You know I couldn’t possibly wrap up this series without discussing social security disability at least one more time. Since the attorney’s office who handled my case for the hearing is refusing to give me any part of my file (beware folks make copies of ANYTHING you give to attorney’s office) so that I may use that info for the appeal on my recent denial, I called SS directly and asked them for anything they’d be willing to send me. He sent me some random documents I’ve never seen before and they were not what I needed, but they did contain the deciding ruling on my hearing, my Residual Functional Capacity assessment. Just so you and I are clear, I’ve turned in several functional capacity forms to SS and NONE of them reflect what’s indicated. Here are a few things they determined I could do: Occasionally lift and/or carry 50 pounds, frequently lift and/or carry 25 pounds, Stand and or/walk 6 hours in an 8-hour workday, and the list goes on and on and on. First of all, I couldn’t lift 50 pounds if I wanted to, and 25 pounds frequently would send me into a horrendous flare with excruciating neck pain. Walking six hours a day? I just…I’m not even sure if this person looked at my file. I’d pass out within the first hour. But this has been my experience, I submit doctors’ letters and evaluations and SS just writes random nonsense not founded on my documentation and deny me, over and over again. I’ll keep applying but if you are curious how I really feel about it? I think it’s one of the most unethical, inhumane, unjust, shady, and sleazy divisions of our government. I honestly don’t know how these people sleep at night. I’ve said this before and I’ll say it again, if you’re an investigator reading this please come hang out with me for as long as you wish and then tell me how able-bodied I am, and what job you think I should be doing. Just writing these blogs from my bed in my jammies, exhausts me, and causes intense pain, and blurry vision, but please tell me how I can walk for six hours? Before I got sick I used to say everything happens for a reason, and I believed it, now I think some things do, but certainly not everything. This experience of fighting for money from a system I paid into in case I got sick has been one of the worst parts about becoming chronically ill. I cannot fully articulate to you what it does to a human being, without close family to fall back on, when there is no income, it’s devastating, there are no two ways about it, and there is also no reason for it. Sick people should not be treated as I have treated, it’s very cut and dry. The system is broken, it needs to be fixed. The man with the most money (the best attorney) or family to help fight for them should not be the one who always wins, while the person without the energy to fight for themselves is tossed aside. Moving on…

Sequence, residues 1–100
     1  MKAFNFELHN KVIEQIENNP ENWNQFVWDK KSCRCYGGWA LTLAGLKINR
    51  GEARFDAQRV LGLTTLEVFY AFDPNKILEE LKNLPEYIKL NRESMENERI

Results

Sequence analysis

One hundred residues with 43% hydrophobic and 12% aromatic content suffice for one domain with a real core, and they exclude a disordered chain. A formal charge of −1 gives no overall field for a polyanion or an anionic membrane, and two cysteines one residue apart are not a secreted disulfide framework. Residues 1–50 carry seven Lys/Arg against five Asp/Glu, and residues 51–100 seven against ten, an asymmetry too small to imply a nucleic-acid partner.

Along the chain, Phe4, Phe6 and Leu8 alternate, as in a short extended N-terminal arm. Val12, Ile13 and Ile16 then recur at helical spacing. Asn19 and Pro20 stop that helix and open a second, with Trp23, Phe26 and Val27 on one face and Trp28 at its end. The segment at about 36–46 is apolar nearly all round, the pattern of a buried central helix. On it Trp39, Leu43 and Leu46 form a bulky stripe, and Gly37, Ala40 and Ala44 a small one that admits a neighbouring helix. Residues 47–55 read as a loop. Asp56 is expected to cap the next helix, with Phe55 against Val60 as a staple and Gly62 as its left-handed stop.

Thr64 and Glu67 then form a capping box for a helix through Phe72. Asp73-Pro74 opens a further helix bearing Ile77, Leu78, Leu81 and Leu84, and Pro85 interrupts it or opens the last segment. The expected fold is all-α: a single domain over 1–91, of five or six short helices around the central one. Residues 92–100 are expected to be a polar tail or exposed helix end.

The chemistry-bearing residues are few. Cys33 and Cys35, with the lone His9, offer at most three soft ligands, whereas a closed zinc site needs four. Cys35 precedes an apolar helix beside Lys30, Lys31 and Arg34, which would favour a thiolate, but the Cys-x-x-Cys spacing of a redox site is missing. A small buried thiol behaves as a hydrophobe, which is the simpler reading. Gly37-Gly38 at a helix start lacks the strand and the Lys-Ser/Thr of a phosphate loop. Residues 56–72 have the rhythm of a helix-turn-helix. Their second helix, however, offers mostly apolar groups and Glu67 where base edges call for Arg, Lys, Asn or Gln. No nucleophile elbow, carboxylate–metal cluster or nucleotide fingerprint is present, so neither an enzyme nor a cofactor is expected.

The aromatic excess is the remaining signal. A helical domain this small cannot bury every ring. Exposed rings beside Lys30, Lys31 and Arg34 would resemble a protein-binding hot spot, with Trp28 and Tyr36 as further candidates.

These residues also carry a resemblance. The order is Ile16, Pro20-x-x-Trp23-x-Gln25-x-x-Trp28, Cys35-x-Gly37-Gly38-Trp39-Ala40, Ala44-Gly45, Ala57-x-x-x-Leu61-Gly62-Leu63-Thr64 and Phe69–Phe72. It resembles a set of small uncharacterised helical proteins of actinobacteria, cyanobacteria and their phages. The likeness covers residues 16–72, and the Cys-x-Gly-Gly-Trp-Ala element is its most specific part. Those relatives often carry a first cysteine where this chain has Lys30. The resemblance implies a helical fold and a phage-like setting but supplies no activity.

This series has been more factual, more about the motions of what has happened but in doing so I haven’t really shared with you how this illness has changed my day to day life. Quickly I thought I’d share that aspect. You know who I used to be, full time employee, active, health conscience, mom, and lover of life. But life has changed and this is a bit about my days now. With insomnia, you never know when you’ll wake up, so it’s random, but I’m NEVER rested. I wake up feeling awful, like I’ve been up for days, way too many days. My eyes are dry and painful, my body hurts, I’m queasy, and my blood pressure is very low. I can no longer just jump out of bed. I have to eat around 10 so I usually eat a small amount of oatmeal (my stomach allows that seemingly most of the time) and drink some chamomile tea, which I have in bed. I eat in bed because sitting in wooden chairs hurts (even on a pillow), my feet turn blue, and I get light headed. (I can’t sit on the couch for periods of time either as it causes my neck to flare.) Mornings are slow as the I shake the fog. I like to look at the daily watercolor prompt and start thinking about what I’ll paint that day (I don’t look ahead as it’s kind of a fun something to look forward to). I’m surrounded by lists of things I need to do (doctors I need to call back or related things like that) and I choose one or two every few days. Pushing through them all takes more energy than I can recoup. Lunch is the same, in bed. Dinner is often take out as preparing food takes up too many spoons these days, and I can’t tolerate a lot of the foods my boyfriend likes to eat. I try to eat dinner at the table when I’m able, but it never last long as the pain is too much and I’m exhausted by then so it’s straight back to bed for the night. At my baseline, not in a flare, that’s my life for the last five years. In a flare, I’m often curled up in the fetal position, hoping I don’t have to go to the hospital, hoping it passes soon, often trying to figure out what I did. One of my last flares came from eating too much coconut milk yogurt (daily). I’ve cut back to every few days and it’s better. That probably sounds wacky to you, but it’s my reality now. My body makes the rules, I live by them for my best health. I’m in pain 100% of the time, I fight for energy in every waking hour, my body feels like lead weight, walking makes me breathless, I no longer care what color my hair is, I don’t wear makeup because of my eye issues, and I’ve gained a good bit of weight despite a very low calorie diet of whole, organic, foods. I take a cane everywhere that I don’t go in a wheelchair. My wheelchair makes my neck pain awful, but not until afterwards. Speaking of neck pain, you wouldn’t believe what can ignite it’s attack on me. Things from sitting in the wrong chair, to using the wrong pillow, to lifting something I shouldn’t, to reaching incorrectly. I’ve been told my neck shows as inverse. The pain is some of the worst, and I was in labor for many hours with contractions one minute apart long after the drugs wore off, so yeah, it hurts. But so does the rest of my body. My body hurts to the touch, my joints hurt, any exertion, like up the stairs causes extreme burning pain in the tops of my thighs (probably lactic acid build up, thought to be 80% higher in MECFS patients than Olympians), and I have roving pain that settles in in an area and hurts like crazy and then moves on to another area. Right now it’s in the left side of my face. The roving pain is difficult because you never know if something is wrong with that area or it’s just the roving pain. Because I can’t possibly list all of my other symptoms, aside from the exhaustion and pain, this is a quick snippet of where else I have symptoms: eyes, sensitivities that are hard for even me to believe, urogenital system, gastrointestinal system, neurological system, equilibrium, sleep, cognitive abilities, and if that’s not enough, mood (in total I think there are 113 symptoms I did not have before I got sick). There are several theories of why this happens to MECFS patients, two of them are brain inflammation and overheating causing malfunctions, and the other is that a virus is attacking a part of the brain that causes those malfunctions, mixed with an immune system that is possibly out of whack. Scientists are closer than ever, and I realize it’s hard to believe but I have the labs to prove something is going sideways and the doctor’s appointments to prove nobody has any answers as to why. If you’d like to read more about MECFS please check out MEACTION.NET